paid to London’s alleged escrow arrears. See
Smith Decl. ¶ 16 n.1; see also, e.g., Activity
Statement, Def. Ex. 18 at 92 (indicating Wells Fargo received
“Trustee Funds” in the amount of $1, 189.10 on
January 11, 2012 and “Debtor Funds” in the amount
of $2, 450.05 on January 12, 2012); Smith Decl. ¶ 27
(identifying Exhibit 18 as “a Customer Account Activity
Statement that itemizes debits and credits to the account, as
well as running balances of the unpaid principal, escrow,
unapplied funds, and details about fees charged to
[London’s] account” prepared by Wells Fargo in
response to London’s April 2016 inquiry).
17, 2012, Wells Fargo sent letters to Meisner and the trustee
indicating that with London’s August 2012 payment, the
interest rate on her loan would increase to 4.775 percent, as
provided under the modification agreement, with her monthly
payment increasing to $2, 658.86. UMF 17; Def. Ex. 9. The
letter also noted, “If Wells Fargo pays the taxes
and/or insurance, please refer to the monthly billing
statement for the total payment amount with escrow.”
UMF 17. London responds that Meisner was no longer her
bankruptcy counsel by this time, an assertion she repeats in
response to nearly every reference to Meisner after this
point, and she disputes that her then-current bankruptcy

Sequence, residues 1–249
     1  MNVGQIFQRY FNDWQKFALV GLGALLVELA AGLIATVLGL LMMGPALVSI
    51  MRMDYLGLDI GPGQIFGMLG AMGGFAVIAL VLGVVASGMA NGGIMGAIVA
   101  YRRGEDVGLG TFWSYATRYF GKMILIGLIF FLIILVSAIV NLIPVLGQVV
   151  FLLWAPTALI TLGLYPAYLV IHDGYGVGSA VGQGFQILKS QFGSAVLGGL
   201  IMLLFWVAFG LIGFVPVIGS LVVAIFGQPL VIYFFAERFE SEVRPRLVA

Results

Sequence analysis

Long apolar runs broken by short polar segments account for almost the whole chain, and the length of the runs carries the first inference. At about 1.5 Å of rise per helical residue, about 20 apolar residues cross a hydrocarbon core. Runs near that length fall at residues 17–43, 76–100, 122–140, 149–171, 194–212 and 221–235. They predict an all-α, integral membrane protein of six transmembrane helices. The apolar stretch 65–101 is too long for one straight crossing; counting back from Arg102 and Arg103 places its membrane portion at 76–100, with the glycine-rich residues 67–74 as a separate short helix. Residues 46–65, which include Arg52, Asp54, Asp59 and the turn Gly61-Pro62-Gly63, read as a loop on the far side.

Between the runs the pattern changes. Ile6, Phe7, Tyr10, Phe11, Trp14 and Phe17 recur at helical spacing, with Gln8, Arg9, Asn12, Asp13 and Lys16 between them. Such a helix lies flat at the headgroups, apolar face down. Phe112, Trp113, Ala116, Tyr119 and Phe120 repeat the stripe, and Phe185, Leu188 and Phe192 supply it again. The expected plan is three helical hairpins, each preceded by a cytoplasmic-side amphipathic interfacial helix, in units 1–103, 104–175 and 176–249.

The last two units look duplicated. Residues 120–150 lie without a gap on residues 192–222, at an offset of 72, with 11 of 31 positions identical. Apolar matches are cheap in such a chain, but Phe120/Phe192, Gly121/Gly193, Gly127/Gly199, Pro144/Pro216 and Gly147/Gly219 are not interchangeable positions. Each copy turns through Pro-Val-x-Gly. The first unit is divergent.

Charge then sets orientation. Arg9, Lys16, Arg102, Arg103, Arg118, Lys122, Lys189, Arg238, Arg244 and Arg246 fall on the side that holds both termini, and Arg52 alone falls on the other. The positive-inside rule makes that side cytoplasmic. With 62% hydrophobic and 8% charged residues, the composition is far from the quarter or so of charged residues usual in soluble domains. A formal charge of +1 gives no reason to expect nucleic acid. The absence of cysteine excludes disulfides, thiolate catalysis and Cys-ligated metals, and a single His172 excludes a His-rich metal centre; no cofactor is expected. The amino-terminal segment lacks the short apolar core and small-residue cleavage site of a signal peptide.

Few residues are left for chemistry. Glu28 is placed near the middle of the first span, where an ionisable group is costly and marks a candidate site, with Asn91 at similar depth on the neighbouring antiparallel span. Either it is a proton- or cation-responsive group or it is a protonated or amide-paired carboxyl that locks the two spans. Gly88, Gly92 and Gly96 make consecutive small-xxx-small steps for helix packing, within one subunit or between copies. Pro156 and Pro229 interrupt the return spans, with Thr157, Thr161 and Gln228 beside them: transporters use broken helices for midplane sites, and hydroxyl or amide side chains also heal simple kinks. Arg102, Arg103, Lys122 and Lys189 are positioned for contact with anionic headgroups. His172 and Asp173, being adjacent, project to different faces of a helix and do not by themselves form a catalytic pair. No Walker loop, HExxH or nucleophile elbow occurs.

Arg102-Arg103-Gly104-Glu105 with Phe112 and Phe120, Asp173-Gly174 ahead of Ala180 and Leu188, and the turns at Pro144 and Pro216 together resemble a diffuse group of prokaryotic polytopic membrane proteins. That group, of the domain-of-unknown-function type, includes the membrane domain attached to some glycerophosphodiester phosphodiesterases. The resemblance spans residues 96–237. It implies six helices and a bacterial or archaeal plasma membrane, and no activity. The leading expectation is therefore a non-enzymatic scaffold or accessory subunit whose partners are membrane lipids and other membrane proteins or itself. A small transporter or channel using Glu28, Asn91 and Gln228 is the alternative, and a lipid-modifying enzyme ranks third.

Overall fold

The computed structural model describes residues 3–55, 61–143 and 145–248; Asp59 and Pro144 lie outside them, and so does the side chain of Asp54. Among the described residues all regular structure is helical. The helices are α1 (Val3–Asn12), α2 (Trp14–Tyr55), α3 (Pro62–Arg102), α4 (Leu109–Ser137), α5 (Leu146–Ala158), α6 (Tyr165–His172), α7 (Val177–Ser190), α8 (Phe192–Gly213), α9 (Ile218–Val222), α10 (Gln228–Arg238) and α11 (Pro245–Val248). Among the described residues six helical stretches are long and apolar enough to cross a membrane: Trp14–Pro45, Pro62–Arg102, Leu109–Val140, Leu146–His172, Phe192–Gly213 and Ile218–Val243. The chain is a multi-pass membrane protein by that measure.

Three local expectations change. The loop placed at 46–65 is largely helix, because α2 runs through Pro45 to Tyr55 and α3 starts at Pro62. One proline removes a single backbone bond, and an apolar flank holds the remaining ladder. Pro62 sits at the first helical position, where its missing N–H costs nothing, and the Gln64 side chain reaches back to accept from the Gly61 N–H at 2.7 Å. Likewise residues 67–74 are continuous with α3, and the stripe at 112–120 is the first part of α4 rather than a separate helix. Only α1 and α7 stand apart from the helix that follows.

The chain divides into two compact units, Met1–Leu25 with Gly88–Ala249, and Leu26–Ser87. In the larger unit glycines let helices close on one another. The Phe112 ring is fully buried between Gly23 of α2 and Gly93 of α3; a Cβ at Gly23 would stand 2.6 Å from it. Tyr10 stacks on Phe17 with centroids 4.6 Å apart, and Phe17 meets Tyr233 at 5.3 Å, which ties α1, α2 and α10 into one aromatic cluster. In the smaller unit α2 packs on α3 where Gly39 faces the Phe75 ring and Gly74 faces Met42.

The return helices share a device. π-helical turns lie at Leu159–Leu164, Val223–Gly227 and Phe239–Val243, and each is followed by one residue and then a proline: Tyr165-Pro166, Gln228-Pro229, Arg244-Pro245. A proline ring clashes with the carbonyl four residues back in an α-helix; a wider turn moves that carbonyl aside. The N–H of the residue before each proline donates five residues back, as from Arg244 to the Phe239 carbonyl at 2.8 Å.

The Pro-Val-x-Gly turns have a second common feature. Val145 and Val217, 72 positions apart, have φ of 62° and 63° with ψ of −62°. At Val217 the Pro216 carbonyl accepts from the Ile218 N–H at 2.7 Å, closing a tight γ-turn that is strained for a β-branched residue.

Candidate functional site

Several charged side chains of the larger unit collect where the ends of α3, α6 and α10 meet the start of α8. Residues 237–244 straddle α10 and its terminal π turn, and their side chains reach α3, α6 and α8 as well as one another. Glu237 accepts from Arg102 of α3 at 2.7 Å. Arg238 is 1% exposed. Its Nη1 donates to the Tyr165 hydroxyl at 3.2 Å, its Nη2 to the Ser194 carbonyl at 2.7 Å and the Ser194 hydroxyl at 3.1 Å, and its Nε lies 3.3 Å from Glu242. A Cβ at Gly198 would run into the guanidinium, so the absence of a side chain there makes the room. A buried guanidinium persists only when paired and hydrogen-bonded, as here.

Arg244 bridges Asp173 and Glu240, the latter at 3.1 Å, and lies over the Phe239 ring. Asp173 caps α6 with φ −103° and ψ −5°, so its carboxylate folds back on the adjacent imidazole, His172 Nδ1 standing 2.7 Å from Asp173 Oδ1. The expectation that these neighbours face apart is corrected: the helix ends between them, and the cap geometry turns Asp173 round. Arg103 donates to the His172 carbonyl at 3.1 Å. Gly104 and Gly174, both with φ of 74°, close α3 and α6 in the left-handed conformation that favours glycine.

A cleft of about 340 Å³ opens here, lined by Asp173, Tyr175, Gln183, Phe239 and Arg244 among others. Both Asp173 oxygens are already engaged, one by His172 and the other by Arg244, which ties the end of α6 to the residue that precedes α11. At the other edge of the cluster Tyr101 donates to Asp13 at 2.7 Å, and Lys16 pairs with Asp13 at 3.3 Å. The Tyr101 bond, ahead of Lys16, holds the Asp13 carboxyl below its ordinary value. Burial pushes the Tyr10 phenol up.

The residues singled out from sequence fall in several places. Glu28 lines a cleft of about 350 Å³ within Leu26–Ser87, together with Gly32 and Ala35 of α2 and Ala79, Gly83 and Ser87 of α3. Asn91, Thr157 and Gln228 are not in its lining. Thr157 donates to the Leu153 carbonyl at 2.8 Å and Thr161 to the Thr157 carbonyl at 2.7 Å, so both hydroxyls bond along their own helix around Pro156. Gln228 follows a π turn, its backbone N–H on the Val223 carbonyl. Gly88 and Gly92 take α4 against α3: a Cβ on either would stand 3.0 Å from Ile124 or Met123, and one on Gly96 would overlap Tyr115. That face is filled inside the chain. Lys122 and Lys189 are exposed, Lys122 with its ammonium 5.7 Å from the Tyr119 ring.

attorney, Nicholas Lazzarini, received Wells Fargo’s
letter. Resp. UMF 17.Wells Fargo concedes it did not file a
notice of payment change (“PCN”) with the
bankruptcy court, as required under Bankruptcy Rule
3002.1(c),  in August 2012. UMF 37. Wells
Fargo’s records indicate it continued to receive
payments of $2, 450.05 and $594.55 in August 2012, as it had
in months prior. Activity Statement at 94.
5, 2013, Wells Fargo sent a letter to Meisner, stating Wells
Fargo’s internal review of London’s account
indicated Wells Fargo had not provided London “with a
timely notice in accordance with Federal Rule of Bankruptcy
Procedure 3002.1(c).” UMF 18. Wells Fargo further
informed Meisner it had “made the appropriate
adjustment to your client’s account.” UMF 18. The
letter does not explain which “adjustment” was
made. Def. Ex. 10. London again responds that Meisner was no
longer her bankruptcy attorney at this point. Resp. UMF 18.
17, 2013, Wells Fargo sent letters to Meisner and the trustee
stating, under the modification agreement, the interest rate
on London’s loan would increase to 5.150 percent, with
the monthly payment due on August 15, 2013 increasing to $2,
867.67. UMF 19; Def. Ex. 11. The letter again advised,
“[i]f Wells Fargo pays the taxes and/or insurance,
please refer to the monthly billing statement for the total
payment amount with escrow.” UMF 19; Def. Ex. 11. Wells
Fargo concedes it did not file a PCN with the bankruptcy
court, as required under Bankruptcy Rule 3002.1(c), for the
August 2013 payment change. UMF 37. Wells Fargo’s
records indicate it received payments of $2, 450.05 and
$594.55 in August 2013, as it had in the months prior.
Activity Statement at 96.
December 27, 2013, Wells Fargo sent an annual escrow account
disclosure statement to London’s Meisner, stating:
[E]ffective with the March 15, 2014 payment, the new
monthly/biweekly payment amount will be $4, 378.54. Our
records indicate the loan is contractually due for the
07-15-12 payment. [¶] Please adjust your records to
reflect the new post petition payment amount, if applicable.
The debtor and the Trustee have been notified of this payment